In retrospect, Weingarten sees that her willingness to try fad diets grew out of an unhappiness with her appearance. Finding out she had diabetes, however, shifted her mindset: Sure, she wanted to look better, but now the priority was her health. Although she was determined to lose at least 10 percent of her body weight—she had read that doing so would help with blood glucose management—she resolved to make lifestyle changes that would enable her to stay healthy for the rest of her life. And she began to see that weight loss is an outcome, not a behavior.
“The behaviors that are associated with weight loss improve blood sugar control,” says Fletcher. Eating nutritious foods and getting more exercise often improve A1C, blood pressure, cholesterol, and mood even if they don’t lead to weight loss.
Working with your health care provider to figure out which behaviors (such as tweaking your medication regimen or taking after-dinner walks) might lead to improved health can be worthwhile. But so can acknowledging that lifestyle changes are just one part of the equation. “Diabetes is a progressive disease,” says Fletcher. “And it may be progressing.”
5 Tips to Help Stop Weight Cycling
1. Steer clear of plans that promise fast results.
If your goal is to lose weight and keep it off, don’t attempt to lose more than 1 to 2 pounds per week, says Smithson. Most lose-it-fast programs require you to eliminate entire food groups, which can deprive you of nutrients; they’re also unsustainable. Relying on sheer willpower to eat less doesn’t work, either. “It sets you up for yo-yo dieting because it has a shaming context,” says Smithson. When you experience a setback, the inevitable guilt and negative self-talk increase the chances that you’ll abandon any efforts you’ve made to get healthier. Instead, focus on the long game. Accept that “weight loss is a lifelong process,” says Smithson.
2. Think about what you want to add rather than what you need to remove.
Deprivation, at the root of every yo-yo dieter’s experience, always backfires. Instead of approaching weight loss with the idea of what you’ll be cutting out, focus on what you want more of. That might mean eating more vegetables, getting more fiber from whole grains, or becoming more physically active, says Fletcher. Make a list of specific additions you’d like to make, then aim to implement one a week.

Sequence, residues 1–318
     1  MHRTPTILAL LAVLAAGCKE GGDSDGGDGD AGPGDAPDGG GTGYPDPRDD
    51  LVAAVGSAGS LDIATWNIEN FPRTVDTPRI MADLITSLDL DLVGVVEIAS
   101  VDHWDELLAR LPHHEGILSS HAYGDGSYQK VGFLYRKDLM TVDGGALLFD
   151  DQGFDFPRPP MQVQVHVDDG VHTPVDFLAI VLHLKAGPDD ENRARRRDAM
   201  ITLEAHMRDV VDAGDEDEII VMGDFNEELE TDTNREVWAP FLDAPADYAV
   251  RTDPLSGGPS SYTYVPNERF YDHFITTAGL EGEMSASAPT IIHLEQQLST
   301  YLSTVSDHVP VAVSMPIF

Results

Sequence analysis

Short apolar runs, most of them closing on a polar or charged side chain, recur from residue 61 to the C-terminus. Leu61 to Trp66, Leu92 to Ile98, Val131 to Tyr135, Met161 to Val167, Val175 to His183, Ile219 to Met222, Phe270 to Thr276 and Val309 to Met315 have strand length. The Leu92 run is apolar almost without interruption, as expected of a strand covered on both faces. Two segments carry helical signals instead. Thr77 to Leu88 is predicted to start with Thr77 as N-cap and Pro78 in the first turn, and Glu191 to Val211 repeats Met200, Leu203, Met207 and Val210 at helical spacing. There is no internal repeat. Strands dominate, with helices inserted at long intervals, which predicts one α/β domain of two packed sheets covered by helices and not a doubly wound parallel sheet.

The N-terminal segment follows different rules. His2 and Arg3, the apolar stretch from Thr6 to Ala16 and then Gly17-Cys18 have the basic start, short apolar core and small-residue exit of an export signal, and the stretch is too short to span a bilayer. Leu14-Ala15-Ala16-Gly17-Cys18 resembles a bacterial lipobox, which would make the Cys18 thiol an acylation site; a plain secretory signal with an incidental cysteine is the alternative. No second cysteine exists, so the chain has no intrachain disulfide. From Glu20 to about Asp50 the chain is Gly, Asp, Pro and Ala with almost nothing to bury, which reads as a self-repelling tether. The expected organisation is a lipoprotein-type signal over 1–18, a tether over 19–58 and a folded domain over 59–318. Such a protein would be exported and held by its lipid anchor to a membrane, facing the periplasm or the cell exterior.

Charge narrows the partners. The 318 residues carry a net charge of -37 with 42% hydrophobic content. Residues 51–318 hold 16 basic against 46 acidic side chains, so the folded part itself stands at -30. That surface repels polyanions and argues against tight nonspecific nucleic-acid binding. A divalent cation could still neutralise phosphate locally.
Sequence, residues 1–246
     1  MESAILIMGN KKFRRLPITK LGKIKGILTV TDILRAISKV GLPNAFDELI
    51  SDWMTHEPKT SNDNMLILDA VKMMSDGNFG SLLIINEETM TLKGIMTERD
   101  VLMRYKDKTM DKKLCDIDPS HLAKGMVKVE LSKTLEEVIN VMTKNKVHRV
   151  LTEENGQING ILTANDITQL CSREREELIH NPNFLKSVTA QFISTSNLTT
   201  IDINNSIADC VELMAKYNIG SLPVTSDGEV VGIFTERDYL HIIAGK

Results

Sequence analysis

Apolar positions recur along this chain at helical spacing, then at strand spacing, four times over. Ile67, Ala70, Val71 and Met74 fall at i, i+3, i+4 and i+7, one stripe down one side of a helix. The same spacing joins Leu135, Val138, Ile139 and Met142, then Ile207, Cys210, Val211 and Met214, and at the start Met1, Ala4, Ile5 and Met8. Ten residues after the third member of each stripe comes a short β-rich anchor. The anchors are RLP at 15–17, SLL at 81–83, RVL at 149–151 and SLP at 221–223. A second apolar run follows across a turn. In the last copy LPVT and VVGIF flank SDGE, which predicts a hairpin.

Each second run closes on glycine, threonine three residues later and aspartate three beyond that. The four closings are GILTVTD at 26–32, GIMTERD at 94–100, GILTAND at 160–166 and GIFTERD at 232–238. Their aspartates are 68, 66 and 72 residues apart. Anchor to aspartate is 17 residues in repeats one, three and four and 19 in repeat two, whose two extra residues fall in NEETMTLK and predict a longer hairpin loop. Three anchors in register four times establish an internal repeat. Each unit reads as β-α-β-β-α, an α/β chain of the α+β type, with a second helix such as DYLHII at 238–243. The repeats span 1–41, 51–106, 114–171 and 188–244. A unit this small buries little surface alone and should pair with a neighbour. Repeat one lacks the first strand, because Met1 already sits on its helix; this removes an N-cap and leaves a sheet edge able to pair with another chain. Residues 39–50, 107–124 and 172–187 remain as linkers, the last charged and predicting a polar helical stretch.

3. Start small.
We’re all creatures of habit, so making large, sweeping changes all at once is rarely sustainable. Instead, set mini goals. “Once you make small changes, new habits will be formed and be part of your new normal,” says Smithson. When she works with new clients, she encourages them to pick one or two tweaks—perhaps eating fish more often or switching from refined carbs to whole grains—instead of overhauling their eating habits all at once.
4. Keep a journal.
Whether you use an app or pen and paper, writing down what you’re eating and doing each day—along with your blood glucose readings—can help you get a better handle on how specific behaviors affect your blood glucose, says McGrane.
If your blood glucose levels are higher on certain days, however, avoid the tendency to think it’s because you were “bad,” says Fletcher. Instead, approach it as a curious observer who’s trying to figure out how various behaviors (including those related to food, physical activity, and stress) affect your numbers so you have the power to make changes from there. (Here's more about the benefits of keeping a journal.)
5. Don’t go it alone.
If you’re struggling to break the cycle of yo-yo dieting, seek expert help. In the well-known Look AHEAD study, researchers followed more than 5,100 overweight and obese people with type 2 diabetes for up to 11 years and found that those who were assigned to an intensive lifestyle intervention program (featuring regular one-on-one and group counseling sessions for the first year) had better blood glucose, blood pressure, and cholesterol levels compared with those who participated in just three group sessions a year. They were also less likely to have sleep apnea, urinary incontinence, and mobility problems—all complications more common in people with diabetes—or be hospitalized often. And, yes, they were more apt to lose weight and keep it off for at least eight years.
Getting personalized attention helps you implement changes that are safe and make sense based on your current weight, health habits, and the diabetes medication you’re taking. The goal, says Smithson, “is to set smart, specific, and realistic goals rather than just jumping into something that is not sustainable.” That, she says, goes a long way toward stopping the cycle.